Aberchirder, better known as Foggie, is one of the north-east’s notable ‘planned towns’ of the 18th Century.
The town in historic Banffshire will celebrate its 260th anniversary next year after it was established by a local laird in 1764.
In March 1764, an advertisement appeared in the P&J’s forerunner, the Aberdeen Journal, informing the public that Alexander Gordon of Auchintoul wanted to build a village.
He wished to build a grid-plan community on the high road between Huntly and Banff on part of his estate near Auchintoul House.
It was initially called ‘Foggieloan’, derived from the the old croft on which the square was set out. The site is occupied by the Fife Arms today.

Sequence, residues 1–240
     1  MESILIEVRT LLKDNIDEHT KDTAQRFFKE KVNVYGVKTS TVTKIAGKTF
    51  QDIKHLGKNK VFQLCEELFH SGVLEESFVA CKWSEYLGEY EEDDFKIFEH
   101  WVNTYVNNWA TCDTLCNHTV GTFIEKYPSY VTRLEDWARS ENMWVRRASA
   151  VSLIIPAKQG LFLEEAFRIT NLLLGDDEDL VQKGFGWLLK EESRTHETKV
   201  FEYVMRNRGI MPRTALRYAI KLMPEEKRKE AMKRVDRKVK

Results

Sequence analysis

In 1823 the laird renamed it Aberchirder; the ancient name of the parish of Marnoch.
But to locals, it’s still known as Foggie.
Aberchirder may have grown and changed over the years, but its sense of community remains.
We’ve opened the archives and taken a look back at Aberchirder over the last 60 years.
Pictures: Memories of Aberchirder
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